Some people are remembered forever in the hearts and minds of those that have been impacted by that person. This allows for their name to live eternally, much after their existing presence. However, what truly sets these people apart from others is the fact that they are selfless. In Charles Dickens’ A Tale of Two Cities, Dickens shows the notable kindness of his characters through their many acts of sacrifice. The novel takes place in Paris 1789 in the middle of the French Revolution.
Dickens illustrates how the monarchy of the French government, with their ignorance of the lower class, many unfair laws, and high taxes, caused for the commoners to be angry and eventually erupt into chaos. He establishes the theme of sacrifice through the story using the events that occurred involving Dr. Manette, the Defarges and the French Revolution, and Sydney Carton. This theme developed over the course of the novel. The theme of this story is while sacrifice is painful at first, it can lead to future strength and happiness.
To begin, Dr. Manette’s reunion with his daughter allows for a piece of his humanity to come back and eventually gains a position of power in the French Revolution because of his earlier roles in the Bastille. He even states that he would do anything for her because she means the world to him and along with the fact that they had just recently been reunited, he feels very protective of her (Dickens 203). Lucie was also joyful to have been reunited with her father, after a total of 18 years apart, thinking that her father had died. She wanted to“ ‘ bring back the remembrance of a Home long desolate, while your poor heart pined away, weep for it, weep for it’ ” (Dickens 53). She hoped to cure away the insanity that had built up in her father’s head with her constant pleas.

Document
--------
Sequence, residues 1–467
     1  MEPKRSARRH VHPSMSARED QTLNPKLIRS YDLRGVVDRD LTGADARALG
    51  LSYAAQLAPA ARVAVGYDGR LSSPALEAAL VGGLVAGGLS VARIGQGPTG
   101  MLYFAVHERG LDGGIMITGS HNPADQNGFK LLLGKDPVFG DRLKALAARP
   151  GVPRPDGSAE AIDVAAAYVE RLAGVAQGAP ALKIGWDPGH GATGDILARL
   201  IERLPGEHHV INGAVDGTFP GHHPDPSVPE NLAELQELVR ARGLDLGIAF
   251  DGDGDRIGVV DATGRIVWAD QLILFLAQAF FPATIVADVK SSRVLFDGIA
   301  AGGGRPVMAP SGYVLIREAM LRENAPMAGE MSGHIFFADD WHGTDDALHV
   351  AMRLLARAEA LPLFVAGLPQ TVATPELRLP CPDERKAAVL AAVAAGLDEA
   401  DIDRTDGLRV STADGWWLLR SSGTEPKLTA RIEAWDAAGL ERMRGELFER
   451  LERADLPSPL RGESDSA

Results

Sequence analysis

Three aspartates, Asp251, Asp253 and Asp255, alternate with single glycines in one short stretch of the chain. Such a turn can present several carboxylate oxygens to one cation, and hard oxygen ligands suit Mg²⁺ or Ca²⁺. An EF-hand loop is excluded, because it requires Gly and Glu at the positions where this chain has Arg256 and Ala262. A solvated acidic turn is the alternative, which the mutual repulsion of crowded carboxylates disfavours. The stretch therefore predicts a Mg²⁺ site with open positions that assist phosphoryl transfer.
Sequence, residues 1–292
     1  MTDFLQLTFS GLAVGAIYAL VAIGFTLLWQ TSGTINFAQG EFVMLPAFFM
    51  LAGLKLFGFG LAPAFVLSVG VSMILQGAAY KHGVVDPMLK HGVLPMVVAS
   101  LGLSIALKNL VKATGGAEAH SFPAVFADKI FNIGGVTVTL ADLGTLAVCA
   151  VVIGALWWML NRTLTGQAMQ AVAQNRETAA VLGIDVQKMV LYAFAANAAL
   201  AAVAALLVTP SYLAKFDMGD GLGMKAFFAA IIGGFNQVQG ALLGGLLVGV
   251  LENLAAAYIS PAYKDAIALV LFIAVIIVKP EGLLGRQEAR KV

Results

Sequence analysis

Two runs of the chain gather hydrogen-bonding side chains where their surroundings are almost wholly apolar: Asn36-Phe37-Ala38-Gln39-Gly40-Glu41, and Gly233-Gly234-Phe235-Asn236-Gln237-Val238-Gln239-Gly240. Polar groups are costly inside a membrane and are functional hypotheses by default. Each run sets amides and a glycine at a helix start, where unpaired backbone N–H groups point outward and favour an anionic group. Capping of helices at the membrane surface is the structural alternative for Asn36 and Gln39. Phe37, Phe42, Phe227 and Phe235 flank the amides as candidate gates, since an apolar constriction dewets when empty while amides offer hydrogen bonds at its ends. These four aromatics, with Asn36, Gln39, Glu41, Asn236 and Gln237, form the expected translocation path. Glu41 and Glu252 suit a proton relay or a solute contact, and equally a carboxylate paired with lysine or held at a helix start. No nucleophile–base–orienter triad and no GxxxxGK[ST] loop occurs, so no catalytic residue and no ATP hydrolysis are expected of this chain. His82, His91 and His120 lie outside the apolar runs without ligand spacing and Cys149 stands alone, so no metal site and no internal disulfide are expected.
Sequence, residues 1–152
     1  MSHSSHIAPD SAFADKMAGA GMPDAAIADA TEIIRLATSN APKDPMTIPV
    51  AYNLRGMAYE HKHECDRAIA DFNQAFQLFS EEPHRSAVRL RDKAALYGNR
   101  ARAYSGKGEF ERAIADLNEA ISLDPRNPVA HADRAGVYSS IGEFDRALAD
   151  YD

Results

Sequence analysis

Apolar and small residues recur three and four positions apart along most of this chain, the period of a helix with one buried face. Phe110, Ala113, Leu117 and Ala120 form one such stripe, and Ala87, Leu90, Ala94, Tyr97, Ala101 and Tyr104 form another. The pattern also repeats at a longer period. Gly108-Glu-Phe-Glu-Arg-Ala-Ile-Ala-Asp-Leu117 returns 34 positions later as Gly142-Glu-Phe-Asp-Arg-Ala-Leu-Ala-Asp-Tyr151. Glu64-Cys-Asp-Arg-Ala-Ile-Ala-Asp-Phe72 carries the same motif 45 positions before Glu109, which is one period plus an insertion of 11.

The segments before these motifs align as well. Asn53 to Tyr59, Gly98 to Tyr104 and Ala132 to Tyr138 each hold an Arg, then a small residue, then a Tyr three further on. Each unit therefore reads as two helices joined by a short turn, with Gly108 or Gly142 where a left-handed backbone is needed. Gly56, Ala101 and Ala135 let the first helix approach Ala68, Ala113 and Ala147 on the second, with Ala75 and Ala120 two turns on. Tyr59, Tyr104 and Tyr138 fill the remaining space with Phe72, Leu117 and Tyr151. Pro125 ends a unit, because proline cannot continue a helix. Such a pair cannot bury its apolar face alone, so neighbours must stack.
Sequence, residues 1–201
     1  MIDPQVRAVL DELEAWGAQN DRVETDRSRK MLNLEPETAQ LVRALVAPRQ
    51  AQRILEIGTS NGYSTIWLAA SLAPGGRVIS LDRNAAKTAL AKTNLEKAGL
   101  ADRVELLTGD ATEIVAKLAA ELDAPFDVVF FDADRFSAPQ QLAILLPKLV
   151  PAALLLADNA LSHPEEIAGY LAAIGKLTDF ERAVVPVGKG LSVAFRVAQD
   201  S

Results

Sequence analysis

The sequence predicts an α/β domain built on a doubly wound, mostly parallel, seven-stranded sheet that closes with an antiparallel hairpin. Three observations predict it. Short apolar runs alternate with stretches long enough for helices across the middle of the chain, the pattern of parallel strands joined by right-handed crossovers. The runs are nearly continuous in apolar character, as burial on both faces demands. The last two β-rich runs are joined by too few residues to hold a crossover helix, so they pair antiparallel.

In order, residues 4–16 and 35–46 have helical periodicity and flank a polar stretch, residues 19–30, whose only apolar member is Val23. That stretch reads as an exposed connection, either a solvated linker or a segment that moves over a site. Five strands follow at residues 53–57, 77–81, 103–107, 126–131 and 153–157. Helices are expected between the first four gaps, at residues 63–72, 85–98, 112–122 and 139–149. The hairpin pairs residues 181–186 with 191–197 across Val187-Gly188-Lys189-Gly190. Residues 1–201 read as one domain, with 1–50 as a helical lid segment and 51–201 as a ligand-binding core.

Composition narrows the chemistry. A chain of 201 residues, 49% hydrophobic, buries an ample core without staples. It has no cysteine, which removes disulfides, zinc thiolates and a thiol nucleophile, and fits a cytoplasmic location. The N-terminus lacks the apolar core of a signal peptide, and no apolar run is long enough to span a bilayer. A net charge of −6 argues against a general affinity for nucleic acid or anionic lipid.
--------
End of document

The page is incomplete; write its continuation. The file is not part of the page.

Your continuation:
Dr. Manette says “any fancies, any reasons, any apprehensions, anything whatsoever, new or old, against the man she really loved…they should all be obliterated for her sake” (Dickens 140). Dr. Manette had many years of bottled-up anger and revenge, while being locked up, but he forgot all about it in order to make Lucie happy. He is willing to give up everything so that Lucie can be happy. He even allowed for her to marry Darnay, whom he seems to despise, because he made her so happy. They depended on each other, but also gave up many things to allow for the other to be happy. The theme of sacrifice is also shown through the act of sacrifice for one’s country. The French Revolution was a movement that started in the late 1780s and brought an end to the monarch, including many of the citizens lives. French people were willing to put their lives at risk if it meant that they were free from tyranny.